Australia Travel: A Walker's Guide To The Great Ocean Road

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The Great Ocean Road is a well-known destination for holidaymakers who are keen to experience an Australian road trip, but those who prefer to rely on their own two feet can also get plenty out of the region. The Great Ocean Walk is a popular Australia travel choice. Stretching 104kms from Apollo Bay to within sight of the towering Twelve Apostles, the walk offers ample opportunity to enjoy some of the wonders of Australia's stunning south-eastern coastline.

The Great Ocean Walk route is suitable for walkers of most abilities. For those who don't fancy hiking the full 65 miles, it can be broken up into several smaller walks and travellers can arrange car shuttles to pick them up and drop them off at various destinations en-route. Those who do have time to do the full route over a seven night, eight day period, though, can be sure it will be an Australia travel experience to remember. Starting at the Apollo Bay visitor centre, visitors walk on average 15km per day, taking in the scenic beaches of Storm Point, Three Creeks, Shelley and more. Highlights include watching seals bask on the rocks just off Marengo Bay, viewing the anchors on Wreck Beach and learning about the polar dinosaurs of Castle Cove.

Accommodation along the Great Ocean Walk is varied and caters to all budgets. One recommendation is Bothfeet, a lodge that has been designed especially with walkers in mind. The boutique hotel only caters for ten people at a time, but their walk and stay packages are one of the best ways to experience the Great Ocean Walk. The 104km six day package takes in the full walk from Apollo Bay to the Twelve Apostles. After a day's walking, a personal chauffeur will meet you and drive you back to the lodge where a free massage and a pre-dinner drink will help you unwind before dinner. Many visitors opt to camp along the route, instead, however. Forward-planning is vital here. A camping permit needs to be secured from Parks Victoria at least two weeks before embarking on the walk.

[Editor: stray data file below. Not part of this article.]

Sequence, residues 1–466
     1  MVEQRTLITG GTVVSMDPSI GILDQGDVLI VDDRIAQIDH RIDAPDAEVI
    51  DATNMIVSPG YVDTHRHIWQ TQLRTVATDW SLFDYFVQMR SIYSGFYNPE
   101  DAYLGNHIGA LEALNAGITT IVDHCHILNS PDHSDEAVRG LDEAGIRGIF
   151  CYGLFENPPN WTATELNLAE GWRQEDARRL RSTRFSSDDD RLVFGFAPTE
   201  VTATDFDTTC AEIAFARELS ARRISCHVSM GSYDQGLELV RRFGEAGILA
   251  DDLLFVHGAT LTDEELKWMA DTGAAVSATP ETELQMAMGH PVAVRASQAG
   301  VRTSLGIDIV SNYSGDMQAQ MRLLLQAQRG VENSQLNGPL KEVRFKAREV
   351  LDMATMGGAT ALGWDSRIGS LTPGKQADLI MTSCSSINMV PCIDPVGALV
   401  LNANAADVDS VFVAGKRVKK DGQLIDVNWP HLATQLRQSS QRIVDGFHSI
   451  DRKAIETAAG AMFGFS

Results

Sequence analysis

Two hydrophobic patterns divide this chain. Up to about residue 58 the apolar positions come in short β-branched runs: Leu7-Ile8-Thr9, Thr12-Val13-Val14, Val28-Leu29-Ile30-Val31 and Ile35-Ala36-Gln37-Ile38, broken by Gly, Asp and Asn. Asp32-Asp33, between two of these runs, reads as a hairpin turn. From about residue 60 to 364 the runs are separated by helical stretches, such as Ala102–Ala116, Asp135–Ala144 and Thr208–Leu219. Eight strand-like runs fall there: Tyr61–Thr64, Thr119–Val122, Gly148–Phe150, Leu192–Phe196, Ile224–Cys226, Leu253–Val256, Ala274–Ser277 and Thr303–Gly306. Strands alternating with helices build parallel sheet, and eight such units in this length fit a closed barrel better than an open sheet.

Those who only have time for a flying visit can take in some of the highlights of the Great Ocean Road over a weekend period. The most popular of the walks available starts at Shelley Beach and ends 22km later at the Cape Otway light station. Walkers who still have the energy left after their active weekend are invited to descend the steep spiral staircase of the lighthouse and enjoy the stunning views out over the bay. Visitors can often spot whales in the distance leaping around in the waters. Meanwhile, a lot of holidaymakers choose this walk because of the koala viewing opportunities it presents. Whatever the motivation for visiting, however, there is no doubt that the Great Ocean Walk is a great addition to any Australia travel experience.
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Kate Taylor has 1 articles online

Kate Taylor writes articles on travel and accommodation in top destinations around the world.

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Australia Travel: A Walker's Guide To The Great Ocean Road

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This article was published on 2010/12/15